iochdar-nan-tonnbottom of the waves, presumably the bottom of the sea.
braise-naduirquickness of temper.
sgòrrachjagged. Fiaclan sgòrrach.
lùbagwee stitch. Cha t’fhuair mi lùbag a chuir air an stocain an diugh.
lub-ruithebowling hitch.
lunn (pl. lunnan)joke(s) on which a boat rests.
lusagwee shrubs, or growth of minor sizes, smallest. Lusagan beaga air uachdar shuas a’ chladaich.
lusagachshrubbery, ‘preasach’.
luaireag-mharasea bird, sea teal duck.
slèiticha person on a half side in a lazy position, lying listlessly on one side.
dealbh-nan-leisga maiden nursing a child in her lap, leaning to one side, depicting a symbol of laziness (local interpretation) on St Clement’s Church Tower, sculptured, in Rodel in Harris.
guradhwaning. Tha e ann an shid a’ guradh leis fhein or e ’g guradh leis an acras.
laochagjuvenile heroine.
cuchinterj. warning a child who attempts to put dirt into his mouth.
mogan-salainna cut end of a stocking for serving as a heat conductor in applying it to a swollen mouth, inflammation, say in the case of a gum-boil, or what could be thought of as being caused by exposure to cold. The salt, as already referred to earlier back, made hot on a fry pan, put into the ‘bag’ while hot, and the salt having its own ‘beneficiaries’ [sic].
culacha person dressed unproportianately [sic] with that much of clothe [sic] as to make a person remark: Bu tu a chulach.
spùtaga little spout, diminutive of spout.
spùtagachhaving many spouting discharges.
gagaidha child’s excrement release.
sreangaga piece of string, small string, for tying a purse made of cloth, winding a string round it and knotting the string.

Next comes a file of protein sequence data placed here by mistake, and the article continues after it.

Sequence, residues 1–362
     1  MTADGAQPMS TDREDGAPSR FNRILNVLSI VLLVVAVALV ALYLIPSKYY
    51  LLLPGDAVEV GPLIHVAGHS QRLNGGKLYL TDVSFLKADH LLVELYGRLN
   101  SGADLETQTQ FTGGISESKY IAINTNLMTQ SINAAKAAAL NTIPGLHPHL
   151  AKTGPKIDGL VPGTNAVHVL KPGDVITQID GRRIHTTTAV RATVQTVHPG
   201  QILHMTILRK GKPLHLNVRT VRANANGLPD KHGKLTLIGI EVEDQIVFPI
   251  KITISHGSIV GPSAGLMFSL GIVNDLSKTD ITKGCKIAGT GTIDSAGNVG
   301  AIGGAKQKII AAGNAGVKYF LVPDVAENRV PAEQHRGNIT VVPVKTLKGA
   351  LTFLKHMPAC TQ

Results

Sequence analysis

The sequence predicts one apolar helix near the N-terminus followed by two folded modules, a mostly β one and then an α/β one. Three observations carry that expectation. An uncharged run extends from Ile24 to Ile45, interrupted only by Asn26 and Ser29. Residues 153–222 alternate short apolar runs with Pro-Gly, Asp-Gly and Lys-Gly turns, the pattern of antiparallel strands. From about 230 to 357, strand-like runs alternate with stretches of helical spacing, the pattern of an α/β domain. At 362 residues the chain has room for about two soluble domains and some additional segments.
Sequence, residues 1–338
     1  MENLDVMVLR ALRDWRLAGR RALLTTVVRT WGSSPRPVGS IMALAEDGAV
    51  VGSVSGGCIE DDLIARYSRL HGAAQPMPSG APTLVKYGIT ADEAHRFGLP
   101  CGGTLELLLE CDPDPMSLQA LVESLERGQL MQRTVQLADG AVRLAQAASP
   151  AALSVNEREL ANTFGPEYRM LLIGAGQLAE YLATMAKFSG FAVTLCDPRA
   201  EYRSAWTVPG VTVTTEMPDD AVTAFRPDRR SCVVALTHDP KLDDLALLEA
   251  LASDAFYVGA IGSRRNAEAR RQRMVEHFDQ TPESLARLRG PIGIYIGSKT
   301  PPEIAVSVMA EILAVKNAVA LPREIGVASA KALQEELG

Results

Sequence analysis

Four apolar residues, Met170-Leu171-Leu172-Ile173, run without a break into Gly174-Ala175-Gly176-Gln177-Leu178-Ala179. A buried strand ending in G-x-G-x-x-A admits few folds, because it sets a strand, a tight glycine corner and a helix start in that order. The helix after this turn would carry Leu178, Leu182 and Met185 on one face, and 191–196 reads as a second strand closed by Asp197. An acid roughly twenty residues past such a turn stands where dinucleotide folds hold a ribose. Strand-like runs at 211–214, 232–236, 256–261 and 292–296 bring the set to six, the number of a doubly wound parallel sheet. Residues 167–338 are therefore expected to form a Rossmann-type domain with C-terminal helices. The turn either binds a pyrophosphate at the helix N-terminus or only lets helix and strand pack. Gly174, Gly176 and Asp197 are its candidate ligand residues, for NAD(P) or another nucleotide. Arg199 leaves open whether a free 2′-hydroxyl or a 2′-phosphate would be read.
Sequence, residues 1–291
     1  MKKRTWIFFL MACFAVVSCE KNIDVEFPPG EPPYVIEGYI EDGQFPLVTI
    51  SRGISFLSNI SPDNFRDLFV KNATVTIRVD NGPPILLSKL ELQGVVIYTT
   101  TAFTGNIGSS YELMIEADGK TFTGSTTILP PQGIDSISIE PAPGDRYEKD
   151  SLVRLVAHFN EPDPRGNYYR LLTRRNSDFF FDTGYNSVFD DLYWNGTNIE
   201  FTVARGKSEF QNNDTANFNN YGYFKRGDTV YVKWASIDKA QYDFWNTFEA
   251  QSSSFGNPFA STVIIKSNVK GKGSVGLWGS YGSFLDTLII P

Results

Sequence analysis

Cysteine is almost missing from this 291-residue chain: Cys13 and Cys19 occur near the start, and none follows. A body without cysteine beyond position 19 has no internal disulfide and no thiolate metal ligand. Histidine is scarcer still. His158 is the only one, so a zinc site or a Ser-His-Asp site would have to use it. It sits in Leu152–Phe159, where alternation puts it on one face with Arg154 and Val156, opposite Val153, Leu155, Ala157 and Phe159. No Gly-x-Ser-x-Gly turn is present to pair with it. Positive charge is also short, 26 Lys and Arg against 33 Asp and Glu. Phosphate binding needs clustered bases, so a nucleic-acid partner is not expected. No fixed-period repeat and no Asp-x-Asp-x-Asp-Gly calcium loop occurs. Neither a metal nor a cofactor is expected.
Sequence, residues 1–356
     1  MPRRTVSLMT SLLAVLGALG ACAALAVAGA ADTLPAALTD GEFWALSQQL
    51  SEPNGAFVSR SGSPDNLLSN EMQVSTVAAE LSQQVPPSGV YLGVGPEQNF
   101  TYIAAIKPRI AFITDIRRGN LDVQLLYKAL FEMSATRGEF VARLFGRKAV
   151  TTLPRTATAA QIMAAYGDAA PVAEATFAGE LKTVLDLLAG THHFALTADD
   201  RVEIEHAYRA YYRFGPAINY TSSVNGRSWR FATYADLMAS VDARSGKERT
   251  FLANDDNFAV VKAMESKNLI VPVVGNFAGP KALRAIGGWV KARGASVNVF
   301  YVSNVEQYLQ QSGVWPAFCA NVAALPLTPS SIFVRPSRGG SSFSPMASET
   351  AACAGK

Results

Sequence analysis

stiaba tape like piece of cloth. Stiab aodaich.
rèipmark. Reip [sic] na mara – the mark the sea leaves on the rocks after a high tide, especially a polluted sea.
usaidh(perhaps already noted formerly) a purse made of cloth, with a string fastening. ‘An old word’.
singealadhplanting tubers. Singealadh a bhuntàta.
dulhole in a spade. Dul na coise. Dul na spaide.
cruthshape, form. A chruth! – interj. as a surprise remark, like ‘o shiorruidh!’
ceann-finidefinishing end.
slìobairecharacter of a flattery disposition, confined to males.
leibideagcontrary to ‘sgibideag’ [q.v.] in an answerable form.
sgibideaghint; a playful practice with children.
foidseachan article thrown carelessly.
dàdsairof over ordinary size as a wave; or taking an excessive drink from a bottle of whisky. Thug e na dàdsairean od as. (Harris)
creòbhana small puny person, a male.
creòbhaga small puny person, a woman.
creubhag[See creòbhag.] ’S e creubhag uamhasach th’innte. – of little bone structure.
clachagsmall stone.